Hometown dealer The Lamp Shoppe offered much more than lamps, and even owner Stephen Cobb’s lamps included collectibles. Notable was a pair of matching vintage world globes converted into table lamps. A life-size marble statue of a maiden gazing into the distance drew much attention.
Barometer Fair, Sarasota, Fla., has been a regular exhibitor at the Cathedral. John Forster presents scientific instruments in addition to his primary focus on barometers. While most are older, wood-cased models, there also were pocket units and Twentieth Century nostalgia units. Entirely unrelated to Barometer Fair’s world of scientific instruments was a selection of vintage corkscrews, or cork pullers. No gentleman would have been caught without one – perhaps a stag horn handled “quick pull” with nickel caps or rosewood handle with a dusting brush.
Antiques show attendees expect to find a dealer with maps, various graphic images and illustrations, but Josephine McDonough presented a few jaw-dropping flyers and posters from early notable Atlanta neighborhood real estate developers. Never seen before, they commanded strong tag prices. McDonough Fine Art also offered a number of very early Georgia and Atlanta maps and illustrations.
Almost every antiques show or sale has an Oriental rug dealer. Lexington, K.Y., based Dana Kelly has found a way to draw in browsers that are not looking for rugs and at the same time has found a use for rugs that are damaged beyond repair and decorative use. Dana has repurposed salvageable portions of collectible rugs into mats to be placed under cat or dog bowls. Cat head- or dog bone-shaped, they may be the newest pet style trend. The Cathedral Show included two other rug dealers who expanded their inventory by including antique furniture or other accessories.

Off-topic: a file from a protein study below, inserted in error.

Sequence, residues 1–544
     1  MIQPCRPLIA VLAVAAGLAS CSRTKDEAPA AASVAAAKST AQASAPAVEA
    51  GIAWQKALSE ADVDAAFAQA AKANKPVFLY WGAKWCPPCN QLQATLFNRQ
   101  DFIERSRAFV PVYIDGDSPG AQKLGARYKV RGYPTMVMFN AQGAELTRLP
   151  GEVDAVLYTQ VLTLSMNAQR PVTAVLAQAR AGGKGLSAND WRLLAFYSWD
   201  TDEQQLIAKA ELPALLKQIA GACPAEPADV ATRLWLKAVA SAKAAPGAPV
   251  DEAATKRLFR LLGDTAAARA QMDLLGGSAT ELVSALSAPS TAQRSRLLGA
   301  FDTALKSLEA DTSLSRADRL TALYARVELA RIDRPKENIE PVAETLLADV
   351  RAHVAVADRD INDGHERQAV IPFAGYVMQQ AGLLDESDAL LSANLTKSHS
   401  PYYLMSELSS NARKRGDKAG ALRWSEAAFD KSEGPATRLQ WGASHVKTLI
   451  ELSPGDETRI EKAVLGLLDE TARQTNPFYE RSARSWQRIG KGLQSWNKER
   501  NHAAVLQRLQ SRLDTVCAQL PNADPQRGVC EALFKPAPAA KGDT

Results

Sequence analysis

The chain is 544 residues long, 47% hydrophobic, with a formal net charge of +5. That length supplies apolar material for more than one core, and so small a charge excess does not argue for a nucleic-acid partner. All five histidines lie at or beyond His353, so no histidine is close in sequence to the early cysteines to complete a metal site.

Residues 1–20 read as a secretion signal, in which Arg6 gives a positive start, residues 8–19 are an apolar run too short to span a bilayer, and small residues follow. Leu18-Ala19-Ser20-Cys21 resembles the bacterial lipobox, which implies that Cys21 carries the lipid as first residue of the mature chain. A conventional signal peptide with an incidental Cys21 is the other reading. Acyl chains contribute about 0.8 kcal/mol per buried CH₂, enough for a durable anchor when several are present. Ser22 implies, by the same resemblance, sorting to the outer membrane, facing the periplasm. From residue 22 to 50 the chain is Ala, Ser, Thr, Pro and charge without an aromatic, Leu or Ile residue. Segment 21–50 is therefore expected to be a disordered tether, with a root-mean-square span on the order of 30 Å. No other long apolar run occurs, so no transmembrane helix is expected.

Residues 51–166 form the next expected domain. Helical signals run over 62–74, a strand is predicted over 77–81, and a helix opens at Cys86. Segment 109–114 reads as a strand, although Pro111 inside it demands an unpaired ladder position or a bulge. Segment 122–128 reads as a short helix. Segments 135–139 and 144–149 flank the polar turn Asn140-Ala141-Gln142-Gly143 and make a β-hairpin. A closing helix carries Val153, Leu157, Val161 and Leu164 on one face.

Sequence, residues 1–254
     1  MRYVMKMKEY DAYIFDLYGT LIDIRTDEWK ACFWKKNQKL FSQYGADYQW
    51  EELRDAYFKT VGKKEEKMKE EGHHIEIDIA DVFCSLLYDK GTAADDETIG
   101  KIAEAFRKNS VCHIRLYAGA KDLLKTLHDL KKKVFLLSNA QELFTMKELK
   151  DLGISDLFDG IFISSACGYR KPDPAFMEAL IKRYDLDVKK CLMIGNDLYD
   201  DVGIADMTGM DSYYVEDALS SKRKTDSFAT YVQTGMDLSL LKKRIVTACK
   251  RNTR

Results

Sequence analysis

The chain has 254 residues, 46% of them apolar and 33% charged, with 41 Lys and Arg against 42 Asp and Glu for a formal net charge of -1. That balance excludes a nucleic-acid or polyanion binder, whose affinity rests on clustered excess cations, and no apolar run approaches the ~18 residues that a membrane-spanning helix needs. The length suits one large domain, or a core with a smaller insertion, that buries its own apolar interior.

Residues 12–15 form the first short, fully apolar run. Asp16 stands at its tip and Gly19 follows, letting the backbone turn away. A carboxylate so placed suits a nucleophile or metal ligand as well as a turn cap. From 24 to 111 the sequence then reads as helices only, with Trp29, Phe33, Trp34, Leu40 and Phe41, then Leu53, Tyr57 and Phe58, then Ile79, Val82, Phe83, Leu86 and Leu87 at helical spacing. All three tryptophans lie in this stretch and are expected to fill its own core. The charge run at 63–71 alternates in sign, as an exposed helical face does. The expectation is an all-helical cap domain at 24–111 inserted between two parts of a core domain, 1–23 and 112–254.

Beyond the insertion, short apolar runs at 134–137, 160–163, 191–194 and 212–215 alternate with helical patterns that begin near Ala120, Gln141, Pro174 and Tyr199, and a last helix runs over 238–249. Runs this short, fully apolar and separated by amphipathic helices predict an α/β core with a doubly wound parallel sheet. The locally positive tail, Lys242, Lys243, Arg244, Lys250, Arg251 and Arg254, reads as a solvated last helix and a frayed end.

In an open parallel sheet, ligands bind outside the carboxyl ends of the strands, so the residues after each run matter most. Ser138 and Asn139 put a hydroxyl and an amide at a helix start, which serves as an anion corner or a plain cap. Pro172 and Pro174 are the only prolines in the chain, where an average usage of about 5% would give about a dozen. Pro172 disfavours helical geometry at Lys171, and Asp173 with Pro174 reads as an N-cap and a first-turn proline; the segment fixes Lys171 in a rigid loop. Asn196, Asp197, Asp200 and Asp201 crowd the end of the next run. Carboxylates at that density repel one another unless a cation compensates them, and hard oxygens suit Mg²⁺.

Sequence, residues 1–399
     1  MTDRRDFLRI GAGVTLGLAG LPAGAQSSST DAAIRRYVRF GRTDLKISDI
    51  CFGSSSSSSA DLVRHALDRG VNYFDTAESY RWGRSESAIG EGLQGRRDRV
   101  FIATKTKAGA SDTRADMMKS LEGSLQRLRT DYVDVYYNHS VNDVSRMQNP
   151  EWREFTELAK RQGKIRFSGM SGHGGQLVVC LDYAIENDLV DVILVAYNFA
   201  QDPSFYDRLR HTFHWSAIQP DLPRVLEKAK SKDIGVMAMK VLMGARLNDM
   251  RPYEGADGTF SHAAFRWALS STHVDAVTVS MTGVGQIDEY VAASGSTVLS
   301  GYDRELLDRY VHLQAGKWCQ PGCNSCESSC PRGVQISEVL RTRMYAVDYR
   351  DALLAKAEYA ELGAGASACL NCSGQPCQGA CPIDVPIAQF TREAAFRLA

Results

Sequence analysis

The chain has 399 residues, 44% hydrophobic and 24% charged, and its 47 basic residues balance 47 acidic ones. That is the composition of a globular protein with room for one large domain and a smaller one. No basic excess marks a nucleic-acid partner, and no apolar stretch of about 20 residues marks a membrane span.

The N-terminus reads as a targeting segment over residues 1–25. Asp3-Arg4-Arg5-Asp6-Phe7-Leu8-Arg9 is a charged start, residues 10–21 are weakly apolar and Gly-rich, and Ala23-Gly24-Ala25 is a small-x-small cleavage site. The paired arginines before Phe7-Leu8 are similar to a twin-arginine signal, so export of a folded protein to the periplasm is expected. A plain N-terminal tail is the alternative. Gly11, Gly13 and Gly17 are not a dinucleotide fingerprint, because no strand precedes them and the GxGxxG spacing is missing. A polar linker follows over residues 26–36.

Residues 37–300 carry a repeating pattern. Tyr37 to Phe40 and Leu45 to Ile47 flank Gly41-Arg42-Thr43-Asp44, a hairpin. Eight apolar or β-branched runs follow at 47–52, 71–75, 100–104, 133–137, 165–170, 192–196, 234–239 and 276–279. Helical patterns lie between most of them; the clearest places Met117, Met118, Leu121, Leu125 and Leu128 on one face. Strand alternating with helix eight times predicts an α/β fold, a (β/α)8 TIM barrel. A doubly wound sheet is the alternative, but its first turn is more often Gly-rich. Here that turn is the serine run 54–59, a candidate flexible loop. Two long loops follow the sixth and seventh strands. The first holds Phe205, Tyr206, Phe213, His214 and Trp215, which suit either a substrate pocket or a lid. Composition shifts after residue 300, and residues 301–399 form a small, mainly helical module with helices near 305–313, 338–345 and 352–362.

Like the Oriental rug dealer, there is always at least one vintage linen dealer. A very animated and knowledgeable Lois Lamb has brought Vintage Linens by Lois, North Charleston, S.C., to the Cathedral show for more than ten years. Many of her items sell, especially christening gowns, bridal veils and formal napkin sets.
Atlanta seen from the air appears to be a vast green forest with glass towers growing towards the sky. Gardening and landscape are an essential activity, and a wide variety of vintage and antique garden accessories are also seen at this show. In fact, the show also includes a homes tour and flower festival, which actively involves a number of garden clubs in competition.
Barley Twist Antiques brought two garden statuary pieces from their home base in La Porte, Ind. A finely detailed concrete garden eagle seemed to be taking off from a sphere and nearby a carved concrete mother otter lay resting with her kit. Both came from Brighton, England, and date from the early 1900s.
Barley also offered lacquered papier-mâché items, including two oriental scene pen boxes. The mâché craft dates back to Georgian England around 1710 and developed as a very labor intensive small and cottage industry by Victorian times. Many of the most collectible examples emulate the oriental lacquer boxes.
Atlanta’s Boxwoods Garden presented both domestic and imported vintage garden planters and focal items. Among these were lighting, planters and even a clock. More formal vintage planters in brass were shown by Thomas M. Fortner Antiques, Memphis, Tenn.
In addition to the dealers described, there also were both vintage silver and jewelry dealers in the show.
As the Cathedral Show approaches its half century mark housed in an inspirational structure, both the invited dealers and local collectors look forward to the 2020 edition scheduled for January 23-25, with an opening reception on January 22. For more information, www.cathedralantiques.org or 404-365-1107.